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Bullpen trust power rankings

Who do we trust in the bullpen? Who do we extremely not trust in the bullpen? Let’s power rank them!

MLB: San Francisco Giants at Arizona Diamondbacks
Tony Watson is rocking some good pitcherface here
Rick Scuteri-USA TODAY Sports

About once a month in 2016, I would rank each member of the bullpen by how much I trusted them, as a general view of how well they were pitching at that moment. The thing is, those articles had this tendency to kinda accidentally curse whoever I ranked first, which is why last year I abandoned the bit. But now we’re into the Bryan Murphy Era here at MCC, baby, and since cursing the team has become exceptionally on brand, the bit is back.

So off we go, starting with the most trusted reliever:

1. Tony Watson

Like I said, in a statement so astute that it got the coveted Andrew Baggarly Quote Tweet:

It really is absurd that the Giants were able to get him so late in the offseason and stay under the luxury tax, even if the credit for that second part goes to whoever figured out the accounting to still pay Watson while deferring the calculation for luxury tax purposes. Still, he has been fantastic for the Giants this year, giving them everything they could have hoped for. The most surprising thing about him is that so far this year, Watson’s got reverse platoon splits. He’s fine against lefties, but he’s absolutely shut down right handed batters. That probably won’t last, but it sure is tempting to think that finally, the Giants have that Next Jeremy Affeldt that they’ve been unable to develop through their farm system.

2. Reyes Moronta

Moronta has been spectacular in the early going, and it’s impossible to imagine where this bullpen would be without him. You can throw all the caveats out about how it’s early and FIP is skeptical and he’s bound to come back down to Earth at least somewhat, and that’s all true, but Moronta is exciting to watch and easy to trust. He has an electric fastball and a good slider, and in the early going, he’s been using them to shut down opposing hitters in a debut as impressive as any we’ve seen since ... (looks up how Derek Law’s done this year) ... uh, Hunter Strickland.

3. Hunter Strickland

Hunter Strickland has not been a perfect closer, but he has been an effective one, and it’s been important for him to have success in that role while Mark Melancon is out with (and this is a medical term here) an arm that will never heal. “Well, I don’t much like Hunter Strickland,” you might be saying, and that’s fine, but would you rather have him in the game, or anyone below him on this list? It’s not a tough decision.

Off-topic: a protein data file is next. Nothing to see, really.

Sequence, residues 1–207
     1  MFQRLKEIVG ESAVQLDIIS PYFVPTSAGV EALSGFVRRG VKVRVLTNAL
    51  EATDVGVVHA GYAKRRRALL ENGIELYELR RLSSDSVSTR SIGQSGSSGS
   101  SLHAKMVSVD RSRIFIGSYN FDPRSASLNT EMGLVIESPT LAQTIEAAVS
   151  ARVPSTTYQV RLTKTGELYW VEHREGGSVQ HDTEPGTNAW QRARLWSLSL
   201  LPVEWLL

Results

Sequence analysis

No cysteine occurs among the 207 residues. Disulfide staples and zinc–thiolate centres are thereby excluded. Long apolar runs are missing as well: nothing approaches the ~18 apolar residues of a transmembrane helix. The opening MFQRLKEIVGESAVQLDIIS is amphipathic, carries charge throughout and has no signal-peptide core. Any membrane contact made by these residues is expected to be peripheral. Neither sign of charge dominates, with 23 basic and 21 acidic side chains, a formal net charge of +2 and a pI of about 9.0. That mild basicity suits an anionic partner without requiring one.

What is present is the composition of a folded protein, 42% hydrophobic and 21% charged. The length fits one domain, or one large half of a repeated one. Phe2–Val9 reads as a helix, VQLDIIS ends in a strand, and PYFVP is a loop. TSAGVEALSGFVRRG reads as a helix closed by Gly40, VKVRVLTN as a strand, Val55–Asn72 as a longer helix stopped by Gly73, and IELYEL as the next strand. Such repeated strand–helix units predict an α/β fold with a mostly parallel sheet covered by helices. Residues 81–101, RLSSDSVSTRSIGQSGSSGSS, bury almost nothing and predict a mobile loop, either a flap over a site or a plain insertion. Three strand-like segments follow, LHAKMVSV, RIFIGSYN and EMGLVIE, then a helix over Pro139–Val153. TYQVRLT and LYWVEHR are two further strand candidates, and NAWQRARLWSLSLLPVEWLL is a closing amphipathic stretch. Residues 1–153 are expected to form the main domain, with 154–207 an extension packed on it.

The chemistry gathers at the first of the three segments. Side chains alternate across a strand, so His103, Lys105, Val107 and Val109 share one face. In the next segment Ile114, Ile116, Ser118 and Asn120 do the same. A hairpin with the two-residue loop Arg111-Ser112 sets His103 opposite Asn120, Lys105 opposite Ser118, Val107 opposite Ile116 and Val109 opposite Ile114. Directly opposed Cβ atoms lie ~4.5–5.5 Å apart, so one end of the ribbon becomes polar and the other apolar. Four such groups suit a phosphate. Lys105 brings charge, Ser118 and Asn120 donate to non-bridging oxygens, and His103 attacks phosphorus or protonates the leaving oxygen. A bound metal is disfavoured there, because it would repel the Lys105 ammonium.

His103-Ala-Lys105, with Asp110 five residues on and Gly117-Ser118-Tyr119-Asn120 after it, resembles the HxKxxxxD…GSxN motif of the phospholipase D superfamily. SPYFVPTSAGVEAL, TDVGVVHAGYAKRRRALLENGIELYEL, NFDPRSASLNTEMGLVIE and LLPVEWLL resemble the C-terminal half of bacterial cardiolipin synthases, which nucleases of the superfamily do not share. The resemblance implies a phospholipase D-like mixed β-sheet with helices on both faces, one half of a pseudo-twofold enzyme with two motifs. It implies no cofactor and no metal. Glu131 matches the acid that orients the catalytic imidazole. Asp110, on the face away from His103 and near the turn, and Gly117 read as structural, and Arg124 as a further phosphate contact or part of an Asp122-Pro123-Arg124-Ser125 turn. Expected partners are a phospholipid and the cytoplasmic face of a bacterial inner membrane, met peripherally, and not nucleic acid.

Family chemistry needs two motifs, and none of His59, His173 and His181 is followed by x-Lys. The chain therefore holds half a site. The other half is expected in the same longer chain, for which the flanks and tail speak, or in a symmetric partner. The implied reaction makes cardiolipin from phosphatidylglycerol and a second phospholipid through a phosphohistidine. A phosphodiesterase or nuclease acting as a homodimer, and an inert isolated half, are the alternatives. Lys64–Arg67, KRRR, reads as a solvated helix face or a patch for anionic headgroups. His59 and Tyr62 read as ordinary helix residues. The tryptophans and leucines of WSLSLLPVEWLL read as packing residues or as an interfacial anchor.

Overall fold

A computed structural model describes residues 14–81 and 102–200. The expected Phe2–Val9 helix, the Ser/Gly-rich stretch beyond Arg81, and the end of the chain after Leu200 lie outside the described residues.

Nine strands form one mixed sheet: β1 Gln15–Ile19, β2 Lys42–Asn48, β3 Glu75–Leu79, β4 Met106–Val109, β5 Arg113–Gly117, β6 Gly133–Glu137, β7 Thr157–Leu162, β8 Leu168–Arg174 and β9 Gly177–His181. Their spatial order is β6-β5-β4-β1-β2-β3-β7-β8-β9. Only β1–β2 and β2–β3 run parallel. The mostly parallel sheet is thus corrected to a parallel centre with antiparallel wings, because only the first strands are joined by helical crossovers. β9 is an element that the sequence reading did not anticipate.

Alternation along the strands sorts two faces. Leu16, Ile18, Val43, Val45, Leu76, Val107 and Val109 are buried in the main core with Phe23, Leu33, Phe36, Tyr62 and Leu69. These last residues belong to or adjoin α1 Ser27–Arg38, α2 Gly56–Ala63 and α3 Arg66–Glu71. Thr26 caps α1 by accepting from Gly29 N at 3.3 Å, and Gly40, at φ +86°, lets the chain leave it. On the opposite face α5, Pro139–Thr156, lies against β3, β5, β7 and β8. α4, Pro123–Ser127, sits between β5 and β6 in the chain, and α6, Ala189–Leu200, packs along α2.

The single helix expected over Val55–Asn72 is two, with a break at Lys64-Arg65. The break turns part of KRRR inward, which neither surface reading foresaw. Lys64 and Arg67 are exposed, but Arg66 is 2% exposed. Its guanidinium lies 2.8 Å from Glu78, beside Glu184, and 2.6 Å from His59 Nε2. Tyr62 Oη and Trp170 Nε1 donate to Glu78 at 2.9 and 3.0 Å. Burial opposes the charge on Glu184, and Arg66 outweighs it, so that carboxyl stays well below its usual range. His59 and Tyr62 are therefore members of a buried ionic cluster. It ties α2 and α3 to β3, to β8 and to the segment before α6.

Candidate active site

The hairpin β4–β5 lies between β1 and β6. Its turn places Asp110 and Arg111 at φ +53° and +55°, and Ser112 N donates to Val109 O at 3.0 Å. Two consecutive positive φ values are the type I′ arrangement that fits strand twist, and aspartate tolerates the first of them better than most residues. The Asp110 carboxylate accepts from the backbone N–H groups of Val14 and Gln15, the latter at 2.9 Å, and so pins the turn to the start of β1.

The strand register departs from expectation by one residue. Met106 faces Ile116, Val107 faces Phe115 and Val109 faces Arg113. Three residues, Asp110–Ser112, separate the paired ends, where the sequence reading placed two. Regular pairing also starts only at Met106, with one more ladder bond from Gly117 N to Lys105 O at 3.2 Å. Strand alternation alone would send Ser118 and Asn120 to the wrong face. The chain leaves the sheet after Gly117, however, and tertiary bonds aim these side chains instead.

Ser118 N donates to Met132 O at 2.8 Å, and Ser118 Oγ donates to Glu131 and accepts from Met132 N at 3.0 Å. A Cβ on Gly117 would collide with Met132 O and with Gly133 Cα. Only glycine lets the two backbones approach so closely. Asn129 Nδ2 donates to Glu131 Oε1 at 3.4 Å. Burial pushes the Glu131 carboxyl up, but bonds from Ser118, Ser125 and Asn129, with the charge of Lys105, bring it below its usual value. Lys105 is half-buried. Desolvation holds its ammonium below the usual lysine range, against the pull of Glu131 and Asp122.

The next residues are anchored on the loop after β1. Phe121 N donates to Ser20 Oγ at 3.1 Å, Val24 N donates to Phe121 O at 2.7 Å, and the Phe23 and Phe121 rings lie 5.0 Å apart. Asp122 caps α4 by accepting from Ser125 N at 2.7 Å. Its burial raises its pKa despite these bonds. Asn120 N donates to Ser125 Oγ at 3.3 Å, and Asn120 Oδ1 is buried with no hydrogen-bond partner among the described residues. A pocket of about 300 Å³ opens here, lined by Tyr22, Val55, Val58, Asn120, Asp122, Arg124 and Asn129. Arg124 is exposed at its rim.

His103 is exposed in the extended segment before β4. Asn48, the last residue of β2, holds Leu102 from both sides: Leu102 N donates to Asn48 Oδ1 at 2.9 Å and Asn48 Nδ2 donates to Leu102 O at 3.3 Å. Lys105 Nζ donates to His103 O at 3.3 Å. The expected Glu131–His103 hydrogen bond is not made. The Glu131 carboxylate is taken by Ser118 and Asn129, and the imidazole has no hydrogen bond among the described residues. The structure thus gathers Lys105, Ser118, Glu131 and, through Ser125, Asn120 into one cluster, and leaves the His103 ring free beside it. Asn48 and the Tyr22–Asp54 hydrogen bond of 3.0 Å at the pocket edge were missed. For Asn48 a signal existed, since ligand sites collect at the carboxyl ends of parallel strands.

4. Pierce Johnson

For a guy who only made the Opening Day roster as an absolute last minute add, Johnson has acquitted himself really well. He hasn’t been perfect, but he’s been perfectly adequate as a mop-up guy and long reliever. He’s generally been good at the things he’s been asked to do, and while he hasn’t been getting super high leverage assignments, showing up and consistently not being a walking disaster is enough to separate him from the back half of this list.

5. Sam Dyson

I have absolutely no idea what to make of Sam Dyson. Sometimes he looks good, and other times he looks very bad. He has been a fantastic closer, and also he has been jettisoned for being the worst closer in the majors. Of all the relievers on the roster, he is the most 2018 Giants, because he has the talent to be a star, but it just doesn’t really work. But it could! But it doesn’t.

6. Cory Gearrin

There is a totally legitimate statistical case to be made in Cory Gearrin’s favor. Here it is: by K% and BB%, he’s actually better than he was last year, but his unsustainably high BABIP and two home runs given up on just six fly balls are clear signs of poor luck, and he will get better and be a perfectly serviceable reliever again, even if it’s silly to expect a sub-2 ERA like he had last year. Here’s the counterargument: have you watched him? Sometimes the stats don’t tell the whole story, and you know that from watching a guy pitch. We saw it in Tim Lincecum’s decline years and we’re seeing it here too. Something’s wrong that you can’t see from a Fangraphs page, and it’s ugly to watch.

7. Roberto Gomez

Gomez has stuff that very well could play in the majors, but it has this unfortunate tendency to get hit. He gave up three unearned runs in the eighth inning on Wednesday, and while you can make excuses for him (Brandon Belt’s error did lead to all three runs, after all), it seems like you’re always making excuses for him. He’s not the guy to come in and shut things down. He’s the guy to come in, seemingly throw well, but still give up a run or two. That’s not what you want.

8. Josh Osich